Skip to main content

An increase in damaged hepatocytes in rats after high intensity exercise

Buy Article:

$51.00 plus tax (Refund Policy)

Abstract:

Abstract Aim: 

The purpose of this study was to clarify the effect of various exercise intensities on damage to the hepatic parenchymal cells. Methods: 

Male Wistar rats were subjected to forced exercise by treadmill running at 60 and 80% of maximum oxygen uptake ( ) for 120 min, sacrificed immediately and 6 h after the exercise, and then the perfused liver was stained with trypan blue solution to estimate the local damage to the liver. Results: 

Although there were no significant increases in damaged hepatic cells immediately after both intensities of exercise, these damaged cells, in particular pericentral hepatocytes, significantly increased at 6 h after the exercise at the 80% . However, there were no significant increases in the serum glutamic–oxaloacetic transaminase (GOT) and glutamic–pyruvic transaminase (GPT) activities immediately and 6 h after both intensities of exercise. Conclusions: 

These results suggested that hepatocytes suffered damage after high-intensity exercise, although these histochemical findings in the liver were not observed immediately after the exercise. In addition, in the case of physical activity, there might not be an intimate relationship between the release of enzyme as a hepatic functional biomarker and hepatocyte damage.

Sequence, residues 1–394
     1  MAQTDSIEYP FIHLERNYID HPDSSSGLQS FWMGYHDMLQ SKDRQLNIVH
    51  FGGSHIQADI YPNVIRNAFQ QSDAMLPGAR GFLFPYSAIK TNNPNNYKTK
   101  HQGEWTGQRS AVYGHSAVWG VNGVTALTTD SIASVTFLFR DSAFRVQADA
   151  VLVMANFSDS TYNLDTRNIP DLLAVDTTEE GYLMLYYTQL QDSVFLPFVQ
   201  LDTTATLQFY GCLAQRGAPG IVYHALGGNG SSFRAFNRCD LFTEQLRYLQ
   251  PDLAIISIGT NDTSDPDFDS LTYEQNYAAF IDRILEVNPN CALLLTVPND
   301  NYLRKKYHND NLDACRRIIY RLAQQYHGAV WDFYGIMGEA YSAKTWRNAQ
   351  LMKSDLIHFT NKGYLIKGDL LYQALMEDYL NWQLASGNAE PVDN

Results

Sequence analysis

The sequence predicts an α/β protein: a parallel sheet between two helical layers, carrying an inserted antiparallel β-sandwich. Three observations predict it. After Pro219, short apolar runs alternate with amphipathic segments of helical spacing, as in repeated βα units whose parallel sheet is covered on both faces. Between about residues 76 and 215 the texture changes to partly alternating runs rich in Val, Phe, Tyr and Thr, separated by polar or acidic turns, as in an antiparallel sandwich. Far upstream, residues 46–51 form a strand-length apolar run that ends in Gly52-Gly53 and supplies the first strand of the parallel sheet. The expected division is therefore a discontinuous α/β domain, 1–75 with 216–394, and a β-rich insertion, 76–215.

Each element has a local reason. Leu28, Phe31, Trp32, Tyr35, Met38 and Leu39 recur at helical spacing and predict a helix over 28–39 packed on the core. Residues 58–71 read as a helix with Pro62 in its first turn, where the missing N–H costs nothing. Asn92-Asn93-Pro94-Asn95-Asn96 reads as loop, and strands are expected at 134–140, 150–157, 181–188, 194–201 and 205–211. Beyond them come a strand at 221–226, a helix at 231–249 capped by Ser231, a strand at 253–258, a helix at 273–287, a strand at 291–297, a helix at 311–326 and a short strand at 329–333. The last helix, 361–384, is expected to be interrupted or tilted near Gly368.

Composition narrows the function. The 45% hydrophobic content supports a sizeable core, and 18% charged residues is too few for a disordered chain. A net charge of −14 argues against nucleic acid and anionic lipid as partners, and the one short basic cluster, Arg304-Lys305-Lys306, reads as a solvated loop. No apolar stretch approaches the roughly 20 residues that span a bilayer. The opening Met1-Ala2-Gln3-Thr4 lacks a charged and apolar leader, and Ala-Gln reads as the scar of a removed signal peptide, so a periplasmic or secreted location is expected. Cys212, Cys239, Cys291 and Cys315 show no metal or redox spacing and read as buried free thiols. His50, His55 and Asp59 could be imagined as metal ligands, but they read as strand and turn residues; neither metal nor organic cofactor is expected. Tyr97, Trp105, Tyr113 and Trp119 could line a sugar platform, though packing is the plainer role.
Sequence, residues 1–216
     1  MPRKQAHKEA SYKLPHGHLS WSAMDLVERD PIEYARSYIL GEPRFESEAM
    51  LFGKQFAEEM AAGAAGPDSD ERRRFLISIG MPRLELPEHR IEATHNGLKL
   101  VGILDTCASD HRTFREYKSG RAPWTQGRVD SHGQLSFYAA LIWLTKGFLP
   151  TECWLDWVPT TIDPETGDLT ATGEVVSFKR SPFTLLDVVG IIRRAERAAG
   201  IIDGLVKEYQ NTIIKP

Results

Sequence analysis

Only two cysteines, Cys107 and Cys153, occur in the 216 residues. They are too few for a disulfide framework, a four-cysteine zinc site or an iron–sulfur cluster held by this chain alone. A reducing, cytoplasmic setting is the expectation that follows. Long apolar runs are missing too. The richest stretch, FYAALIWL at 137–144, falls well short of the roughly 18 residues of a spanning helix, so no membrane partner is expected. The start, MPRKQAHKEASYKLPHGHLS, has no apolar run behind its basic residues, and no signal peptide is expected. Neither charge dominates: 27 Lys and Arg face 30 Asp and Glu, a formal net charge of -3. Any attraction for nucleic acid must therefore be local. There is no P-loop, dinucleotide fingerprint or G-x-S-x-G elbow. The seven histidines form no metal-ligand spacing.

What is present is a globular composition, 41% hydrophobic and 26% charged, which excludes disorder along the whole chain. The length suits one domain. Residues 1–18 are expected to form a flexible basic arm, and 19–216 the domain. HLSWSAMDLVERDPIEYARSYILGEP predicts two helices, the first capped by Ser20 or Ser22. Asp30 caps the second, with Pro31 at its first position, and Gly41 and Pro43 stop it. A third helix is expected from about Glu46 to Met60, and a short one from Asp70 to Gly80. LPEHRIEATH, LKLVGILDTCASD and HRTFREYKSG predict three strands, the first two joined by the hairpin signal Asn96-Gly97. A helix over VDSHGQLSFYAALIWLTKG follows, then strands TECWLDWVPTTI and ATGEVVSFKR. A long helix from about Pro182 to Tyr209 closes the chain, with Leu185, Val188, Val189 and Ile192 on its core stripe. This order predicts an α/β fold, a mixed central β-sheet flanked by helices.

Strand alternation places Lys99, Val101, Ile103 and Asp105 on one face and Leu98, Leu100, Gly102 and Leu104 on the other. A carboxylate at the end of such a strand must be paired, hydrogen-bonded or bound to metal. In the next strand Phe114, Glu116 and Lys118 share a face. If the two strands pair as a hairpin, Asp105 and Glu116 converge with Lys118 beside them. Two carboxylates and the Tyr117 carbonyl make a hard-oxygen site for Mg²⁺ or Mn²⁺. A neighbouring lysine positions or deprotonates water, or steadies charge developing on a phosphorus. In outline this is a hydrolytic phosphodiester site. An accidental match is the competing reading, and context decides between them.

Keywords: exercise intensity; glutamic–oxaloacetic transaminase; glutamic–pyruvic transaminase; hepatic damaged cell

Document Type: Research Article

DOI: http://dx.doi.org/10.1046/j.1365-201X.2003.01135.x

Affiliations: Department of Health and Sports Sciences, Kawasaki University of Medical Welfare, Matsushima, Kurashiki, Okayama, Japan

Publication date: July 1, 2003

bsc/aps/2003/00000178/00000003/art00006
dcterms_title,dcterms_description,pub_keyword
6
5
20
40
5

Access Key

Free Content
Free content
New Content
New content
Open Access Content
Open access content
Subscribed Content
Subscribed content
Free Trial Content
Free trial content
Cookie Policy
X
Cookie Policy
Ingenta Connect website makes use of cookies so as to keep track of data that you have filled in. I am Happy with this Find out more